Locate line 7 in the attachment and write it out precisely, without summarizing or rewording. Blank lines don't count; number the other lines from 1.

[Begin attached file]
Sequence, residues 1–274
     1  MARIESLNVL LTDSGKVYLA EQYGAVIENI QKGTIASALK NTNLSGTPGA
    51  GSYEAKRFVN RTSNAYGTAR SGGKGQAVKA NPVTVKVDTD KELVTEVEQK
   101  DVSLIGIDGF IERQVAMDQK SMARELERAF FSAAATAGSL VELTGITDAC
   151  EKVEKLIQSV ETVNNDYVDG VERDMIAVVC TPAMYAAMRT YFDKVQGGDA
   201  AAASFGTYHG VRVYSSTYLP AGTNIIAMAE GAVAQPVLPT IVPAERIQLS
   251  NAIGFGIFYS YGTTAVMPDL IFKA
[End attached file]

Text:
   251  NAIGFGIFYS YGTTAVMPDL IFKA